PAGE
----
I like the way Oswald Chambers looked at it, and, I think with your inquisitive mind, you will as well: “Doubt is not always a sign that a man is wrong; it may be a sign that he is thinking.”
Even your fellow atheist, John Paul Satre, recognized this when he said “a finite point has no meaning unless it has an infinite reference point.” But since he and the rest of us cannot clearly locate the reference point on our own, let alone understand it, we are hovering in the ether of uncertainty.
This is where faith in something bigger than our understanding comes in. The immensity and order of the known universe certainly point towards something or someone who set it in motion and gave it design. Most every scientist now adheres to the “Big Bang” theory…that the universe exploded outward in a blinding instant of massive creativity billions of years ago. So if it was created from nothingness…then it had to have an instigator…a creator.
Since neither you or I or anyone else in the brief 5,000 or so years of written human history were present for this event, we can only surmise as to the When and How. That is mind-boggling enough. But when we enter into the Who and (perhaps most perplexing of all) the Why questions, that is where we wrestle with ultimate meaning.
For a pure empiricist as yourself, Christopher, you stand by the viewpoint that “seeing is believing,” and that direct knowledge is the only real knowledge. My friend Jim Thomas responds this way:
The weakness of empiricism is that it would have to exclude knowledge of things we cannot taste, touch, smell, hear, or see such as magnetism, gravity, wind, electricity, hope, love, justice, or goodness. And ultimately, the principle “seeing is believing” would have to be excluded from empiricism as well, as it is a concept and not something one can “see.”
Belief relies on observation and experience, but it also adds the element of common sense based on human reason. Belief involves raw data coming in through the five senses, which is then organized by human reasoning, evaluated for credibility, discerned morally, and then, in the end, judged by a person’s common sense. Belief involves the senses, the mind, the will, and the heart of a person. They work together to convince us that something is true. There are varying degrees of conviction in our beliefs. These sometimes fluctuate, but ultimately we choose, either actively or passively, what we will believe. Of course, what we choose to believe does not in any way affect the nature of reality. We might very well believe things which are not true. Whether you believe in God or not does not alter whether or not God actually exists. But for the rational person, the goal would be to discover and believe those things which are true, those things which correspond with reality.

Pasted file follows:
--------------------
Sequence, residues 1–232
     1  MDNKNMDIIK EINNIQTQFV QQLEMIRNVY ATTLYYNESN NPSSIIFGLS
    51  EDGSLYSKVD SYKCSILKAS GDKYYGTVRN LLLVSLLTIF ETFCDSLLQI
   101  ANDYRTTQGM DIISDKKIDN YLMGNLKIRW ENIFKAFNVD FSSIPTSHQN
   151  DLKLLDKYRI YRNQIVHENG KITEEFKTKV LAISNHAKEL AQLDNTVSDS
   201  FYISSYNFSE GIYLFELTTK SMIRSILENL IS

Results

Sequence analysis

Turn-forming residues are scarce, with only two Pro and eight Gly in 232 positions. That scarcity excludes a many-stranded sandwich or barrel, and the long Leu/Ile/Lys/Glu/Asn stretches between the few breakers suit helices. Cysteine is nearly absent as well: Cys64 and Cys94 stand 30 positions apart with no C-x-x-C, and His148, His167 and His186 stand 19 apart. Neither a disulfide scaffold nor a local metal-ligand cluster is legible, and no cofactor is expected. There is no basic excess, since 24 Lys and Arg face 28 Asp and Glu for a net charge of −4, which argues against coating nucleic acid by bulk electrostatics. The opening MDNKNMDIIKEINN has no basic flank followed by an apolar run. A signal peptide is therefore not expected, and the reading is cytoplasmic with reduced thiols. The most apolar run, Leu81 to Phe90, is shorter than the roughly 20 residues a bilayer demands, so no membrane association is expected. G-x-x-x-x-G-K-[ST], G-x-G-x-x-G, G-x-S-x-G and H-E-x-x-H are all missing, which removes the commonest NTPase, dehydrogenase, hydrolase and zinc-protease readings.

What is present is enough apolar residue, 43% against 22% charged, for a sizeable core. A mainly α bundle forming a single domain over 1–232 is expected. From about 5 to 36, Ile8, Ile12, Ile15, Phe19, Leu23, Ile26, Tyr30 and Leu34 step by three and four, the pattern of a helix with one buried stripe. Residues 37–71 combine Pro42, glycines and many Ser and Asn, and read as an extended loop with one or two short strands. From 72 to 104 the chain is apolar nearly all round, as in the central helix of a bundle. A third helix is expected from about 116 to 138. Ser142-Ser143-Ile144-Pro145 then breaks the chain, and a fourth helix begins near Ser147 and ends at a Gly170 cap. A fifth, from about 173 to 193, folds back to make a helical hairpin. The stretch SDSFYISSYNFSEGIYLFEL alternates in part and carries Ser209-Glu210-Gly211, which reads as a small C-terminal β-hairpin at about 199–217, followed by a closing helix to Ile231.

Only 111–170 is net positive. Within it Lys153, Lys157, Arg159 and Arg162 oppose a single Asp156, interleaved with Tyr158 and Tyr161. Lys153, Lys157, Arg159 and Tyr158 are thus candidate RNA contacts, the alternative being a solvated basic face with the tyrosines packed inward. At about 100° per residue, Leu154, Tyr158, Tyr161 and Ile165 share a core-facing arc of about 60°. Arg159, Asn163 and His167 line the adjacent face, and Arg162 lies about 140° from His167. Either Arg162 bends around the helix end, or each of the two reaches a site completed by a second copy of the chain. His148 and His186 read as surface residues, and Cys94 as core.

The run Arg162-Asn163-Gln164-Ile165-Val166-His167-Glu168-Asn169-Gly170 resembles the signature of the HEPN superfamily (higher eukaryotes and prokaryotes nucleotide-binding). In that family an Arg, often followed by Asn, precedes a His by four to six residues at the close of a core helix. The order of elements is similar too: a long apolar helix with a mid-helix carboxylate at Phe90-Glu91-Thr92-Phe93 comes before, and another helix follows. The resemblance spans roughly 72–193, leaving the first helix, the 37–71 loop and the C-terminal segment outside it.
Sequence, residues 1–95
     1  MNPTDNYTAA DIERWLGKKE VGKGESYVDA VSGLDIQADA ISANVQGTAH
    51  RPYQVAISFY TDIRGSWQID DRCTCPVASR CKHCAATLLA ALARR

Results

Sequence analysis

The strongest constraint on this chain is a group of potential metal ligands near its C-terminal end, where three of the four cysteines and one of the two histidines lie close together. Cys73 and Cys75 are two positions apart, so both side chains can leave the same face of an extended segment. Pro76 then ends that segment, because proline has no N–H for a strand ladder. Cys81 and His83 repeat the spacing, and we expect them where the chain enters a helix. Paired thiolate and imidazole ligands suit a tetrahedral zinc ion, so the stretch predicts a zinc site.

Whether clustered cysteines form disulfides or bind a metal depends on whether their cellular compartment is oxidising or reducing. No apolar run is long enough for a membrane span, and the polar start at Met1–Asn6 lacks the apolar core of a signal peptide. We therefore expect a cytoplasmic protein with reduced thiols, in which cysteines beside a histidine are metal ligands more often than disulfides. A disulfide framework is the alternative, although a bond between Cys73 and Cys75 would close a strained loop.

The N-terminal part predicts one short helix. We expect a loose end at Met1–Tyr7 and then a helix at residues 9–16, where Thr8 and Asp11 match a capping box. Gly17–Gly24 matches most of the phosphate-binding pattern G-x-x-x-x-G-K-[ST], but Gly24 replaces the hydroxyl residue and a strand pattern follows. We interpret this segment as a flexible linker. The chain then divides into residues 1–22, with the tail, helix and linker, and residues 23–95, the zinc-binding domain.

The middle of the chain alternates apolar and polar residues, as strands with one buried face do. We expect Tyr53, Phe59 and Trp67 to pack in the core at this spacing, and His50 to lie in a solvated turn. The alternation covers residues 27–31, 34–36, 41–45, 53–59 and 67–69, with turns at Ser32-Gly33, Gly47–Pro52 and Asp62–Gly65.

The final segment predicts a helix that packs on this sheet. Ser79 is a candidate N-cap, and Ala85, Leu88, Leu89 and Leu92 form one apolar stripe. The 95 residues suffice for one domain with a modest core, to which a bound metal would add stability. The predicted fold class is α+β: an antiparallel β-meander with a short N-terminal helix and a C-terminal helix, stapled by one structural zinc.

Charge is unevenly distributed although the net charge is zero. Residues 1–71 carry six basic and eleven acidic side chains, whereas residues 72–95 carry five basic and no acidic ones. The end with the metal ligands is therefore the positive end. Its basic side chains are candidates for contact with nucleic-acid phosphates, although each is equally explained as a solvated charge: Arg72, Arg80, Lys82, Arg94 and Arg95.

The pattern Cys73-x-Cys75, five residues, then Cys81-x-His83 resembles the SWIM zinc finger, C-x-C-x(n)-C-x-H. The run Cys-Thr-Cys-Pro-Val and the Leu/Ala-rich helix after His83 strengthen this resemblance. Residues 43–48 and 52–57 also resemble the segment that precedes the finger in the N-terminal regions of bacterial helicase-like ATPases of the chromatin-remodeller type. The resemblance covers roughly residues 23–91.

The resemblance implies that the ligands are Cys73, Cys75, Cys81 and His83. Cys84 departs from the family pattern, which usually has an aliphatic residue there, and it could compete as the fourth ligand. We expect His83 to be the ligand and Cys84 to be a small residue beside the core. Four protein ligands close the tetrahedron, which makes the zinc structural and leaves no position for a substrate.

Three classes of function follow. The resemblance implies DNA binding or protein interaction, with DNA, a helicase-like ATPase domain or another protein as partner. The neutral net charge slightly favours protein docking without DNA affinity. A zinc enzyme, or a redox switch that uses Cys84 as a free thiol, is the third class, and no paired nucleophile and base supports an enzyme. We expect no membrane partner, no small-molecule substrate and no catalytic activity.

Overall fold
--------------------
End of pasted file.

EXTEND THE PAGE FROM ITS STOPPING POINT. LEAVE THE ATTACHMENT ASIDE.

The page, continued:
Knowledge and belief show up in many areas of our lives. I know there is a car parked in my driveway, But I believe that love between two people is something that is real even though it is often unpredictable and not as verifiable or consistent. I know that fire is hot, but I believe that murder is morally wrong.
This does not mean that belief and knowledge must stand opposite and against each other. To the contrary, to get to the truth of a matter, especially in terms of faith, they must stand side by side. As Blaise Pascal said “Faith indeed tells what the senses do not tell, but not the contrary of what they see. It is above them and not contrary to them.”
If one truly believes that there is no God, and hence, no source of rights and wrongs, morals, or even the unpredictable emotion we know as “love,” then they should never shed a tear due to death or suffering. Because to them, ultimately, a loved one’s death should have no more significance than a rock falling into the water, since there is ultimately no point or reason behind our existence.
Even your fellow atheist, Frederich Nietzche, hit the nail on the head when he said “He who has a WHY to live can bear almost any HOW.”
Like muscle and bone, faith and doubt are intertwined into our souls. The skeleton needs the intertwining sinew, and those chords and the surrounding flesh would have no structure without the frame. That balance is crucial. One cannot exist without the other. It is not and either/or proposition. It is both/and. Rationality and emotion…hurt and healing…anticipation and arrival…faith and doubt. It often makes no sense, and certainly does not always feel right; but it is indeed what makes us fully human.